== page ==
June 12, 2006
Potassium Deficiency Symptoms
We are again seeing corn fields with areas in
the fields that are stunted with the lower leaves yellowing and browning along
the margins. This is a symptom of K deficiency, but is often due to poor root
function rather than a shortage of K in the soil. The end rows are often better
than the rest of the field, probably due to the different soil structure where
the traffic and/or tillage pattern has been different. Usually the fields look
fine until the corn gets to be about calf high, then corn in areas of the field
stop growing and the lower leaves turn yellow. Good corn can be right next to
extremely stunted corn with no apparent reason for it. The corn in these areas
remain stunted and the lower leaves remain yellow, but they usually yield
better than expected.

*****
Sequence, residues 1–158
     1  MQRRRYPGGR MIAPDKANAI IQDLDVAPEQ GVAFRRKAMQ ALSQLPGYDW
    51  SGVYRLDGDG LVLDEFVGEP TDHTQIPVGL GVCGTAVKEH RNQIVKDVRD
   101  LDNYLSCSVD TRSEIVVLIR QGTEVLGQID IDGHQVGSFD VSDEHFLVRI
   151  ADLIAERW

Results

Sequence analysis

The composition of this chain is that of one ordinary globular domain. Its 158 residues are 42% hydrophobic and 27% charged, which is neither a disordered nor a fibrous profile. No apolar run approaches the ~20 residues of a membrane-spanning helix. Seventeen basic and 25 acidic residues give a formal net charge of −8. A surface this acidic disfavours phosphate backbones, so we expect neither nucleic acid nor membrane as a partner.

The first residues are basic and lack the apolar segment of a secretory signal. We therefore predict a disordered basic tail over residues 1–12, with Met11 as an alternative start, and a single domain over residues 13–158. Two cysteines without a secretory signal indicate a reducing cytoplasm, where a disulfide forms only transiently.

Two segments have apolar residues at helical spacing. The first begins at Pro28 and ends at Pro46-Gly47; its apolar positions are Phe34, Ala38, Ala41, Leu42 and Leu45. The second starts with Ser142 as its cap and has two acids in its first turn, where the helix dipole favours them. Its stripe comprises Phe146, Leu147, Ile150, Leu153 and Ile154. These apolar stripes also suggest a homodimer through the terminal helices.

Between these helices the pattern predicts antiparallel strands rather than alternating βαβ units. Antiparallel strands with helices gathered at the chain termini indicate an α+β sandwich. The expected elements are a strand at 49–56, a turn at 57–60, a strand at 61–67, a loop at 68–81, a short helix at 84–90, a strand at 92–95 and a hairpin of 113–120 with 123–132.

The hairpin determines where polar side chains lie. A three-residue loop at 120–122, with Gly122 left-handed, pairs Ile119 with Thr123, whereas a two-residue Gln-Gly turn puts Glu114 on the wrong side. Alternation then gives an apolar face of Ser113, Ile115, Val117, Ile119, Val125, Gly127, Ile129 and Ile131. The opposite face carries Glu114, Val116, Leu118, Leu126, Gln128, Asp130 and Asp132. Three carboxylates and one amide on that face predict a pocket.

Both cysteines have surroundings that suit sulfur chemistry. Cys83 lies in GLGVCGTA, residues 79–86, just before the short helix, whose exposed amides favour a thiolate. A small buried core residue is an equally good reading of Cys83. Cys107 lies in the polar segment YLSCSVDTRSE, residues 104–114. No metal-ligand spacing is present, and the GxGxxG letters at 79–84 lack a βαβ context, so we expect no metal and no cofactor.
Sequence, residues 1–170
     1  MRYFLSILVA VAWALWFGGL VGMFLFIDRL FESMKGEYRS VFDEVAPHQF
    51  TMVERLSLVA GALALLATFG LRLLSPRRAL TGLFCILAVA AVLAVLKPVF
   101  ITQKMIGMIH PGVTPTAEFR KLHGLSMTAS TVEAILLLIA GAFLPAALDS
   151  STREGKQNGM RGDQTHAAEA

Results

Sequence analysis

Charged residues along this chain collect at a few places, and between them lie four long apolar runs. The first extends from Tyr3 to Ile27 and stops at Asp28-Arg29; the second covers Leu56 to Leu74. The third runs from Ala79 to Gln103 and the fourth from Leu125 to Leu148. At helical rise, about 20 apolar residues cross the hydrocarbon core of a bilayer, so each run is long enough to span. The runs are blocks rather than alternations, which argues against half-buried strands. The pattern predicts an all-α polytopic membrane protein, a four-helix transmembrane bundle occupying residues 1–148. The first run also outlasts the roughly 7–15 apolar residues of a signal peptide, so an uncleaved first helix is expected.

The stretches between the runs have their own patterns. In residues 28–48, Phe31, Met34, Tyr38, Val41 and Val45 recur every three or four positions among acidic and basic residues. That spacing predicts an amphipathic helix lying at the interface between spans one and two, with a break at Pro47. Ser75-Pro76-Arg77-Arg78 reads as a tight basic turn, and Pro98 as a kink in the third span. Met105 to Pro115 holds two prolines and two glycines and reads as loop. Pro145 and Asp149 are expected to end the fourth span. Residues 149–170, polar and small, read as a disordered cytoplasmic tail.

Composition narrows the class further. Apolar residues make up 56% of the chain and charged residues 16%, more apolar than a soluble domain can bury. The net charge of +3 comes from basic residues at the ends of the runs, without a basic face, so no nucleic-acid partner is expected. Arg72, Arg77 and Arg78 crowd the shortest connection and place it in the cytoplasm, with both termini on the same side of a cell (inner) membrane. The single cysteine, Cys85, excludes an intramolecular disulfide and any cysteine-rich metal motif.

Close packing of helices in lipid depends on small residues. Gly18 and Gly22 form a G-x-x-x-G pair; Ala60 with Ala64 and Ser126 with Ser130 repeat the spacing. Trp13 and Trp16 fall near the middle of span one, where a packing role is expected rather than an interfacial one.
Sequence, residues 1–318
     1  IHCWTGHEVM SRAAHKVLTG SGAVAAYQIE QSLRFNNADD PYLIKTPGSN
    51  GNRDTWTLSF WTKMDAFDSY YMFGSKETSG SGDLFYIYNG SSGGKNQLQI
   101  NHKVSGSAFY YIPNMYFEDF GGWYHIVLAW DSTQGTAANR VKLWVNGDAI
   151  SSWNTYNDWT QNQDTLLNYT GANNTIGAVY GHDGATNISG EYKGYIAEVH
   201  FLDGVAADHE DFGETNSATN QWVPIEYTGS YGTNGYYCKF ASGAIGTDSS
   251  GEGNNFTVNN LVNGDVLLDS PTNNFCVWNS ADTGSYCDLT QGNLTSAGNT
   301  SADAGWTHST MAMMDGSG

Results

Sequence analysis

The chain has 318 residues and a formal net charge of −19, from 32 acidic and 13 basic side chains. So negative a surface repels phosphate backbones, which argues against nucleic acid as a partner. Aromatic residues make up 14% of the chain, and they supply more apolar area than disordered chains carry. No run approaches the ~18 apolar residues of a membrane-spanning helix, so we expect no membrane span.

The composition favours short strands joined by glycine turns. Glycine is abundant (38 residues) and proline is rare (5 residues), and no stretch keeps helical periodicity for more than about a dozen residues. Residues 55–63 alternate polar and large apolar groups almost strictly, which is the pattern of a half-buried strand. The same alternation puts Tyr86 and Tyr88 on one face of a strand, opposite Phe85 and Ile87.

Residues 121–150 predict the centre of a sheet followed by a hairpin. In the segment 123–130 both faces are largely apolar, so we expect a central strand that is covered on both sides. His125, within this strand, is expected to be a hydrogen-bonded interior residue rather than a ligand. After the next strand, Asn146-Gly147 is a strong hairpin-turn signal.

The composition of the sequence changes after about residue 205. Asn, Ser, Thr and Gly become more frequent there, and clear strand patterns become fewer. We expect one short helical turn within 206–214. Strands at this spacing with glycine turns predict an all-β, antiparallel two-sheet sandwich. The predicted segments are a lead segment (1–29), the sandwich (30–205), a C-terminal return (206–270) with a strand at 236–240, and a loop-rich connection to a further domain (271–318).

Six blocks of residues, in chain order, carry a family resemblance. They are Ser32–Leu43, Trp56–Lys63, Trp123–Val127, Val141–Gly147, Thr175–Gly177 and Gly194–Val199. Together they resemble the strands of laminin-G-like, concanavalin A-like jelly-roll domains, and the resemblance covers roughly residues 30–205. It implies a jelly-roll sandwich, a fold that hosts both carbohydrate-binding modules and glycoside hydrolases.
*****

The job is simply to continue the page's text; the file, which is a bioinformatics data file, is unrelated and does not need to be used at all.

Anything that restricts root growth during the initiation of the nodal root system can lead to the problem. The nodal roots emerge within an inch of the soil surface. If there is something in the surface inch or so that the roots don't "like" they don't function properly. There can be large differences among hybrids in showing this phenomenon. Shallow planting and/or soil settling or eroding after planting aggravates the problem. If the soil hasn't been tested recently, soil samples should be taken to make sure it is not a true K deficiency problem. Soils that are low or marginal in K are more likely to show the problem. In many fields it is difficult to come up with an explanation why the problem is appearing. It is most common in no-till fields, but shows up in tilled fields as well. In tilled fields, it can show up where the soil is fairly "fluffy", especially under dry conditions. Since the end rows usually look better, it could be that a little surface compaction actually helps to alleviate the problem. There is nothing that can be done when the problem appears. An excellent discussion of this problem in both corn and soybean is on pages 123 – 124 of the June 20, 2005 Integrated Crop Management (ICM) Newsletter or at http://www.ipm.iastate.edu/ipm/icm/2005/6-20/potassium.html.